During the last decade, in September 1983, when workers were digging in the compound of Smt. Madhavi Amma, wife of Pazhuparambil Vasu of Valuvally near N. Parur a few miles from Kodungallur (both Parur and Kodungalloor are sites of churches founded by the apostle of Christ), a pot or pots containing reportedly two thousand coins was discovered. Before Madhavi Amma came to know of it many coins had found their way to the various toddy and arrack shops of the area. When this writer visited the spot in one or two days’ time many more coins had disappeared. By the time Police investigations were thoroughly and systematically completed many more coins had vanished. Finally the Arch. dept. could acquire from the District Collector an even smaller number, a paltry 252 coins. These are now at the Numismatic Study Centre, Nedumangadu. Most of the coins are mint-fresh and include coins from Nero to Antonius Pius with representations from the issues of all emperors in between. All these coins have been published now (1992) by the Arch. Dept., by Dr. Satyamoorthy, with detailed classifications and photographs of the O.& R. sides.


In this connection it may be interesting to note that the Kerala Archaeology Dept. and the Geology Dept. of the Govt. of India functioning at Trivandrum together held a consultation recently under the inspiration of the ‘cultural secretary’ Dr. Babu Paul to decide on a programme to investigate the gold and gold coins that might lie buried at the Kodungalloor harbour from the beginning of at least the first century B.C., and to chart a scheme to salvage such material lost in Kodungallur on the Malabar coast of the Arabian Sea. In any case the numismatic findings and studies have added much strength to the credibility of the Thomas story as they provide strong and tangible proof of the considerable intercourse that existed between Kerala and Alexandria / Rome in the first century B.C. ./ A.D. especially from the middle of the first century A.D. and as these findings are mostly in the vicinity of the Thomas churches.

A word about Kodungallur and its special relationship to the Syrian Churches of Kerala and another word about the special relationship that has existed between gold and India in general and gold and Kerala in particular especially the Palayur-Kodungallur-Parur belt may not be out of place here.


The city of Kodungalloor, known variously by Muziris, Shinkli, Cranganore and by many another name (K.P.P. Menon lists more than a dozen names for Kodungalluur from Al Biruni, 970 A.D. to Assemani, 1510) down the centuries, stood at the meeting-place of different trade routes connecting the East with the West and the North with the South.These trade-routes, which carried the bulk of the traffic passing by sea between India and foreign parts, played an all important part in the history of Cranganore. While the monsoon route connected Muziris directly across the Arabian Sea with cities in the west (e.g. Alexandria, Aden), the west coastal route gave its ships ready access to the Indus (leading to Taxila / Gandhara) and Ctesiphon by land and beyond to Ormuz and Mesopotamia. A third route, hugging the coast of east Asia linked the coastal capital of the imperial Cheras with the mouth of the Ganges and with China. We need not here dwell on the importance of Kodungalloor or Maliankara or Malankara as the first landing place of Apostle Thomas on this coast.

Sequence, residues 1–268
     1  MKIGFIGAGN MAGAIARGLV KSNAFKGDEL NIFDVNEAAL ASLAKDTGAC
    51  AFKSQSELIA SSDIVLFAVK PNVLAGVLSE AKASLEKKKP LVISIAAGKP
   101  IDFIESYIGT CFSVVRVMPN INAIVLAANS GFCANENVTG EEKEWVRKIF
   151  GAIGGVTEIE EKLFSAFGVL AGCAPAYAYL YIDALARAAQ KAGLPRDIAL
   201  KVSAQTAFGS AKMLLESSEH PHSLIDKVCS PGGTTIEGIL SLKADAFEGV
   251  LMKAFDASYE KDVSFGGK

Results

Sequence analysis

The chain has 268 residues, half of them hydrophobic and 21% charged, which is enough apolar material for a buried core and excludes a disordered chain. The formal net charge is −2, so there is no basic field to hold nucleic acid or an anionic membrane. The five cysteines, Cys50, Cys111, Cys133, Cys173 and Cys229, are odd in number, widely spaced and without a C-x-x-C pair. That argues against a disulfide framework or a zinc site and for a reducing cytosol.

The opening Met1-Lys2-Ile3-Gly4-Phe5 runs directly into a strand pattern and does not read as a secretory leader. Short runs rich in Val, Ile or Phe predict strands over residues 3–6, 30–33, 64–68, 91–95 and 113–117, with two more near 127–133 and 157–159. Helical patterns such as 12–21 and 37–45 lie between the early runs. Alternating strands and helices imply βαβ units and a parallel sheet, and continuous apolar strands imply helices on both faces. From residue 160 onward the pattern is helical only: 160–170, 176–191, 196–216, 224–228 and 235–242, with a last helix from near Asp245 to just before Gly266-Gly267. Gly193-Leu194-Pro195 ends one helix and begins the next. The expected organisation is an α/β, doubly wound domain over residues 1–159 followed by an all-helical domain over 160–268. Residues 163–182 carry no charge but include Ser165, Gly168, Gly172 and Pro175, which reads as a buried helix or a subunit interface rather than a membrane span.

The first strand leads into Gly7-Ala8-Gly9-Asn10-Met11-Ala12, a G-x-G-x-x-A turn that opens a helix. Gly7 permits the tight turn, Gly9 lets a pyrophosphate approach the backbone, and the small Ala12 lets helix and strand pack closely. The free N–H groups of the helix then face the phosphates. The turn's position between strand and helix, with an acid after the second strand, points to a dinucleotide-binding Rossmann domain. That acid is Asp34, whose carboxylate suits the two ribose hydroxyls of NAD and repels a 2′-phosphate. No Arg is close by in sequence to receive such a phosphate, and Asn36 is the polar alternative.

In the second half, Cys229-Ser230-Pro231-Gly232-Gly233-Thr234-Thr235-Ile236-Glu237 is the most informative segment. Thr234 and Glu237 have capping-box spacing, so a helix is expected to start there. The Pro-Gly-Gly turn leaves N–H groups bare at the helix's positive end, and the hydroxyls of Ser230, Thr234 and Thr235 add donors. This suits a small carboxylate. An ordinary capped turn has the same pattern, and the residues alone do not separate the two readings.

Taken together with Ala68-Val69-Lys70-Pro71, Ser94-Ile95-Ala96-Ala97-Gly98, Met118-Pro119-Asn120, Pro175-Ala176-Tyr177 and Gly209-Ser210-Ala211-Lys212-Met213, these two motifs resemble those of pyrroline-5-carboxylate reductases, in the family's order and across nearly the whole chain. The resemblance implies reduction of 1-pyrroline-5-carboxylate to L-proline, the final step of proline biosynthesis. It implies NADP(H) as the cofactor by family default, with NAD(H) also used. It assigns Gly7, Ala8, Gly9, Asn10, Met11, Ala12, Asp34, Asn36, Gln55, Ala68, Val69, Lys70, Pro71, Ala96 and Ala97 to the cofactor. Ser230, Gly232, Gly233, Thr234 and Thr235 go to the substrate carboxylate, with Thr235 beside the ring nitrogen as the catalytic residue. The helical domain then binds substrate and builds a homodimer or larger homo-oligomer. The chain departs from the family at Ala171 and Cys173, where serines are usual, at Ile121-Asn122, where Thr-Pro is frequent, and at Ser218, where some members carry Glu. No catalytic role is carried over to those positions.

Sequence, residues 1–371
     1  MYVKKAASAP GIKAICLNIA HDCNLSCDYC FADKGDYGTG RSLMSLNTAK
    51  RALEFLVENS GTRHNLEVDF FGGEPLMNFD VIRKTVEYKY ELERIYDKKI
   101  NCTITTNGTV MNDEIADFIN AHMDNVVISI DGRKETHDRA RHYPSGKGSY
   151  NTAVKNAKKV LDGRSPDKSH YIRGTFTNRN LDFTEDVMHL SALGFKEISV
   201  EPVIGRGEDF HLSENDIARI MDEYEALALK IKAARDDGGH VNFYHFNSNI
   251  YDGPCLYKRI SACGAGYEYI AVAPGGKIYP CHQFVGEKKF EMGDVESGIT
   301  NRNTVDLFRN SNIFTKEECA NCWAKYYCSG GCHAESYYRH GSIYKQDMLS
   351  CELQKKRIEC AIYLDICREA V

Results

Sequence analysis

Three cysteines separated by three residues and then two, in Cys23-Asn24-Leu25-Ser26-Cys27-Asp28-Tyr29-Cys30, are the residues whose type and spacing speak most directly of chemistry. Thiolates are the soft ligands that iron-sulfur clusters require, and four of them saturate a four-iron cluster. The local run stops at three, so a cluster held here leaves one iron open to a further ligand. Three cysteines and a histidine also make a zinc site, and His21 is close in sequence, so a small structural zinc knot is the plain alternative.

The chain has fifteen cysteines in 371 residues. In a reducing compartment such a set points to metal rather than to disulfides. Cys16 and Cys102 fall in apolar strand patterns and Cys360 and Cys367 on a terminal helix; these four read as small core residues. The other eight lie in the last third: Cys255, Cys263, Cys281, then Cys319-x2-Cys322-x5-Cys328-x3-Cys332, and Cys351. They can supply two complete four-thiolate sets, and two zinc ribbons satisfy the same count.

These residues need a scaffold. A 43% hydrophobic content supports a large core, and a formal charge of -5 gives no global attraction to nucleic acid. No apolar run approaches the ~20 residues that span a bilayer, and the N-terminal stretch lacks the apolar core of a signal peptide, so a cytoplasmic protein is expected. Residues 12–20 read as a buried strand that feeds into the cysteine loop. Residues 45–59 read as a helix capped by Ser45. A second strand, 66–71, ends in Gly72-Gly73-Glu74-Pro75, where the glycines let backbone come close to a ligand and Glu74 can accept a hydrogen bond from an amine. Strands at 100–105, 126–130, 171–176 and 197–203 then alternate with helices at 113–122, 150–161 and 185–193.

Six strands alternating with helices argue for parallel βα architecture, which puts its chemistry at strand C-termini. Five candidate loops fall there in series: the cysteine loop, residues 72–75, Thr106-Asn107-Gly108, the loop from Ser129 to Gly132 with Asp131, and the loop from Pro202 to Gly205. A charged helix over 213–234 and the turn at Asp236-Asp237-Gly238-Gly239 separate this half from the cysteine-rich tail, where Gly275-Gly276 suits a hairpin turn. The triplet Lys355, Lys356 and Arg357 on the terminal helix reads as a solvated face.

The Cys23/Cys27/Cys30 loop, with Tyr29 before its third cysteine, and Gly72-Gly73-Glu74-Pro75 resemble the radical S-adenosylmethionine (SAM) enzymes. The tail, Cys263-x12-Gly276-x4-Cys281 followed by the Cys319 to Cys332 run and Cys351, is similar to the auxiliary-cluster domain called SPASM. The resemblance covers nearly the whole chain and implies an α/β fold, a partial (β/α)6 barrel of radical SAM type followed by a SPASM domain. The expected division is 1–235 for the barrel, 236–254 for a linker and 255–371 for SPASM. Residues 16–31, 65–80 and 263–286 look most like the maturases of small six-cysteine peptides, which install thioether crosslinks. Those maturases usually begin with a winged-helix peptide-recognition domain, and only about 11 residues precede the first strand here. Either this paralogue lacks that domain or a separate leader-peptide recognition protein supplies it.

The PERIPLUS has this remark : "There are imported here in the first place a great quantity of coin...". The Roman could, it is believed make a profit on the sale of gold coin in India, perhaps because these were not only used as currency but also for ornament as is evidenced by the fact that many gold coins found in Kerala have been pierced through to make necklaces. (Also see THOMAS P.J., Roman Trade Centres in Malabar , Kerala Society Papers, II, p. 260 ; James Hough, The History of Christianity in India , I, p.28.). Recently Doug Smith wrote me:"... I have noted that an inordinately high percentage of Roman coins and copies of Roman coins found in India have holes. many seem to have two holes at the top suggesting they might have been sewn to a fabric as decoration. Trade with India as an intermediate for China was active in the period you mention. Rome wanted silk and paid in gold and silver. One of the earlier pages on my site showed a silver coin that I believe to have been made in India probably after the debasement of Nero (c64 AD) copying a coin of Tiberius which was popular in India due to its consistently good metal. I have seen a dozen of these from this same pair of dies. The copy was made looking at an off center original which was missing some legend. The cutter had no idea what to put in the missing space so he left it blank. I would be interested in hearing if any of these coins were found in the Kerala hoard." "It should not escape notice that gold and silver, after circulating in every quarter of the globe, come at length to be absorbed in Hindustan", Sir George BIRDWOOD, p.101. Herodotus tells us that India is the wealthiest and most populous country on earth. As Sir George has again remarked, "The entire record of the intercourse bewtween countries of the west and India from the very earliest times to the present day may be said to be the story of the struggle for the Indian trade". "As is well known Columbus was on the lookout for Kerala pepper when he stumbled on America. It was pepper that brought Vasco da Gama to Malabar," P.THOMAS, in Christians and Christianity in India and Pakistan, London, 1954, pp. 6,7.